Yes, as even some Harvard faculty concede, "The change also seems at odds with efforts nationwide to make college studies more flexible, affordable, and accessible."

I attended Harvard and graduated in 3 years because of AP credits. Now that would be impossible. Harvard does not have some special take on single-variable calculus, and the notion that no AP course can be comparable to a Harvard course is self-serving nonsense. Freshman courses in calculus, physics, chemistry, biology and other subjects can be cash cows for universities, since only a single professor is
needed for hundreds of students, and teaching assistants are paid little.

Advanced Standing Reduced
Harvard Magazine
FOLLOWING ITS DECEMBER discussion of a proposal to eliminate Harvard College course credit for Advanced Placement (AP) and International Baccalaureate (IB) courses—thereby limiting students’ ability to fast-track their A.B. or graduate with a simultaneous master’s, typically in a sciences or engineering field (see “Overhauling Advanced Standing,” March-April, page 22)—the Faculty of Arts and Sciences (FAS) accepted an amended course of action at a sparsely attended meeting on February 6.

Taking into account concerns raised in December, dean of undergraduate education Jay M. Harris introduced a scrubbed-down policy. Beginning with students entering the College in 2020, course credit would no longer be awarded “for work completed prior to their matriculation,” except for credits earned at Harvard’s extension or summer schools. This would extend the practice already in place in all departments except economics, mathematics, and psychology (which in effect recognize top scores in AP or IB classes as a substitute for introductory College courses in those disciplines). Departments would be allowed to continue using AP and IB examinations for course placement—and (the one exception) to satisfy the undergraduate foreign-language requirement. A separate committee would be formed to recommend rules and procedures for undergraduates hoping to pursue a concurrent master’s degree in the Graduate School of Arts and Sciences; it would report within a year.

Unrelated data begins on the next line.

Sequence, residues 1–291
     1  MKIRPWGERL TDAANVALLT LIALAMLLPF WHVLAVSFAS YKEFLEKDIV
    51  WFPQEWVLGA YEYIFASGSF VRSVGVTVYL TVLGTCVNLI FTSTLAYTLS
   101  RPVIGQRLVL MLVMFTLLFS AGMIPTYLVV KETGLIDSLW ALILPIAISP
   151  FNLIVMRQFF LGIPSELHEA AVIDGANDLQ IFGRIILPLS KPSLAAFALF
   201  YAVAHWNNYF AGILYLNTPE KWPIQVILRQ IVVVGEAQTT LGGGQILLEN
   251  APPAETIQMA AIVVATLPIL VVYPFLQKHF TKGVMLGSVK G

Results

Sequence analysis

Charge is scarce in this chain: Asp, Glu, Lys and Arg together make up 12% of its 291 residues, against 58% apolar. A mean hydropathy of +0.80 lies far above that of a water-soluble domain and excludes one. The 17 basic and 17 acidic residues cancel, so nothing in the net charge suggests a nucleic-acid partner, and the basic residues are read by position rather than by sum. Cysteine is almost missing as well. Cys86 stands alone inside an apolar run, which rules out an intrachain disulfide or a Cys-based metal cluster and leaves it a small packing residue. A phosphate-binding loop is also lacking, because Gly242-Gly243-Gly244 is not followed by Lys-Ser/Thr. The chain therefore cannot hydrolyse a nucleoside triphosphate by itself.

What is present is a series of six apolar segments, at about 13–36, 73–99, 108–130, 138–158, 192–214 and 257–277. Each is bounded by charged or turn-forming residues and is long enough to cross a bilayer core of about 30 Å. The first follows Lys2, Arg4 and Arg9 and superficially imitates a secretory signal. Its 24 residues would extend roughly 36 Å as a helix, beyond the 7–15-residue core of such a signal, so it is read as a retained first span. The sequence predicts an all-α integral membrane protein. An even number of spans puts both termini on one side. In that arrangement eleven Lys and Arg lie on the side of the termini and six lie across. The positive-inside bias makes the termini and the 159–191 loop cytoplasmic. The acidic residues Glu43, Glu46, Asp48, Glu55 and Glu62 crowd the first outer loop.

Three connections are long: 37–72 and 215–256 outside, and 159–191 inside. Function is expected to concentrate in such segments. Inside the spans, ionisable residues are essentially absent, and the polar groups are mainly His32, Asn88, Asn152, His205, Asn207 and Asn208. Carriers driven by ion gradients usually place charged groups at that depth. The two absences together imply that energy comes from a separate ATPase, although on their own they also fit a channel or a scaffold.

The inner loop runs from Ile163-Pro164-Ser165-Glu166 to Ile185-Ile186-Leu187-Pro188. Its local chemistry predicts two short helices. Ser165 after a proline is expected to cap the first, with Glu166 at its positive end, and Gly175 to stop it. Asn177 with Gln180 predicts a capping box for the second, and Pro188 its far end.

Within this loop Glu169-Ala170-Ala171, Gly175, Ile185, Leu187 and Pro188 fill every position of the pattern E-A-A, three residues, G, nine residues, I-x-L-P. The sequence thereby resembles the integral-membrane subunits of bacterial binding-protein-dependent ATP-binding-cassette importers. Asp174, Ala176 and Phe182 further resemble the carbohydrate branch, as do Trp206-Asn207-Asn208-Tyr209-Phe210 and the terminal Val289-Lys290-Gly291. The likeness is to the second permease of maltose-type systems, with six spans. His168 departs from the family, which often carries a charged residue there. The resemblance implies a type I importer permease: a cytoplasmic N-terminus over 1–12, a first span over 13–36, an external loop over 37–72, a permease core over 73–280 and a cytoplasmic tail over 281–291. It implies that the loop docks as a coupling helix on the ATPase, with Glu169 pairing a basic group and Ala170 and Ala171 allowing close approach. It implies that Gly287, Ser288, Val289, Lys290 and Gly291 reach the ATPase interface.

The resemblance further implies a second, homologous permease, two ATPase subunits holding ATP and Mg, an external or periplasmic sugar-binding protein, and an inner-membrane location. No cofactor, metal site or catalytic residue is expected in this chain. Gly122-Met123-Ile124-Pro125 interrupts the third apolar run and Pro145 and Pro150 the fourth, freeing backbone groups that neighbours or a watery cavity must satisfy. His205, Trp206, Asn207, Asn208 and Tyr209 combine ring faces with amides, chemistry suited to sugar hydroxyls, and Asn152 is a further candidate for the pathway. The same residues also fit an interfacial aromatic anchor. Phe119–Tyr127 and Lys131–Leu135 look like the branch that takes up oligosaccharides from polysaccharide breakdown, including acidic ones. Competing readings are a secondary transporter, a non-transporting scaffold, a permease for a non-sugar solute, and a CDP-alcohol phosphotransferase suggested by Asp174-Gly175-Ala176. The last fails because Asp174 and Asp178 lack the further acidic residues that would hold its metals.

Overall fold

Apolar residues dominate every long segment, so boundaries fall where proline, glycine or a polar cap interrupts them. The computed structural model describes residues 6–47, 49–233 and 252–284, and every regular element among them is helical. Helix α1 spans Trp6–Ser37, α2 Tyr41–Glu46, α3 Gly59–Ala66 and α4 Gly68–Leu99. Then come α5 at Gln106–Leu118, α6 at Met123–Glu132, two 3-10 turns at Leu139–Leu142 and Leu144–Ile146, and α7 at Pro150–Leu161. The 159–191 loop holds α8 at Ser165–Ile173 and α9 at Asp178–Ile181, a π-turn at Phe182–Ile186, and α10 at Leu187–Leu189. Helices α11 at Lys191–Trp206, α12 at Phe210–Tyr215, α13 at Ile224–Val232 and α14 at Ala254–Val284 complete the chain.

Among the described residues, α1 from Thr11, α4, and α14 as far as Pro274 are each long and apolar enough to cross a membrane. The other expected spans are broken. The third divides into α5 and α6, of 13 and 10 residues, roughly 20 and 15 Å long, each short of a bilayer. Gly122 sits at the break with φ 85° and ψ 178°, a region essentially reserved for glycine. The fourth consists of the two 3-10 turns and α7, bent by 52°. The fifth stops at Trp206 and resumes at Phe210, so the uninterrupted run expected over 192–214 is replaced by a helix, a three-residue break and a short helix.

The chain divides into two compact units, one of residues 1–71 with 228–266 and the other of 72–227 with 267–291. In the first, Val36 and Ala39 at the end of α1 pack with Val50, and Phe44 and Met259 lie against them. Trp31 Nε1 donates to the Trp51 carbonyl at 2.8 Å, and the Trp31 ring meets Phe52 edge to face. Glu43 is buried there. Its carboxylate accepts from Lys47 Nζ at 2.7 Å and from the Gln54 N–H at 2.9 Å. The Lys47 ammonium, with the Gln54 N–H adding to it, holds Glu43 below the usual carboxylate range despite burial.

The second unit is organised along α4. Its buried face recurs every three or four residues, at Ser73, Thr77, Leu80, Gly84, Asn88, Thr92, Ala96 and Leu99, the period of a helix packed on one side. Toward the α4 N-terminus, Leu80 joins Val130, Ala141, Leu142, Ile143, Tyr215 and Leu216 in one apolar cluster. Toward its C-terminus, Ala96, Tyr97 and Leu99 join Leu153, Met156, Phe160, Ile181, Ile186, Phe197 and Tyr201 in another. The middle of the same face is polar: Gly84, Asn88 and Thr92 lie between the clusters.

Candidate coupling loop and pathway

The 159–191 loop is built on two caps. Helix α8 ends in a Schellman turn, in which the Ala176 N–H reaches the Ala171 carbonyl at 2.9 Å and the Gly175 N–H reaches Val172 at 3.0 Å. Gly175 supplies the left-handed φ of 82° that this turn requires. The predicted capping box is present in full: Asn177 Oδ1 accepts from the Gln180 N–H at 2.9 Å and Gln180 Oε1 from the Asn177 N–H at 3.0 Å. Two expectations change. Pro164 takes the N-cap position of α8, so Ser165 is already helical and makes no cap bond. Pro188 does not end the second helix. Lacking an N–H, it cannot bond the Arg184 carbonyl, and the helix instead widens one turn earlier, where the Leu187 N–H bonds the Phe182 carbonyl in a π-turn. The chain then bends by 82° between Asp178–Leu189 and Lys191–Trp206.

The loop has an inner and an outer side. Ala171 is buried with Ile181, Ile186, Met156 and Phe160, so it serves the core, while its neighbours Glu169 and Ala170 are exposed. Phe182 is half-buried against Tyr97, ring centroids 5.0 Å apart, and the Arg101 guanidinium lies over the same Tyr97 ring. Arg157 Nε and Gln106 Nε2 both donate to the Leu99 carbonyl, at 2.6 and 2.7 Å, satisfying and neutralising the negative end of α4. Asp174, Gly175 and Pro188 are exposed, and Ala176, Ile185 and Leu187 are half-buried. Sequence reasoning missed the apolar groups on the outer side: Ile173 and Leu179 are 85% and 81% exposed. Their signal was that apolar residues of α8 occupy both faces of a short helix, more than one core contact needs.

Harris observed that across most of FAS, AP and IB classes are regarded as not equivalent to the work required in College classes—so it makes no sense to allow students to count them toward earning an A.B. short of Harvard’s “curated eight-semester experience.”

Faculty members present raised several concerns. First, the change would eliminate the opportunity to graduate in six or seven semesters—an option that might appeal to a very few students with compelling personal or family financial or health concerns, or unique intellectual trajectories. Peer institutions permit accelerated undergraduate studies, so Harvard might unilaterally weaken its appeal to such applicants. The change also seems at odds with efforts nationwide to make college studies more flexible, affordable, and accessible.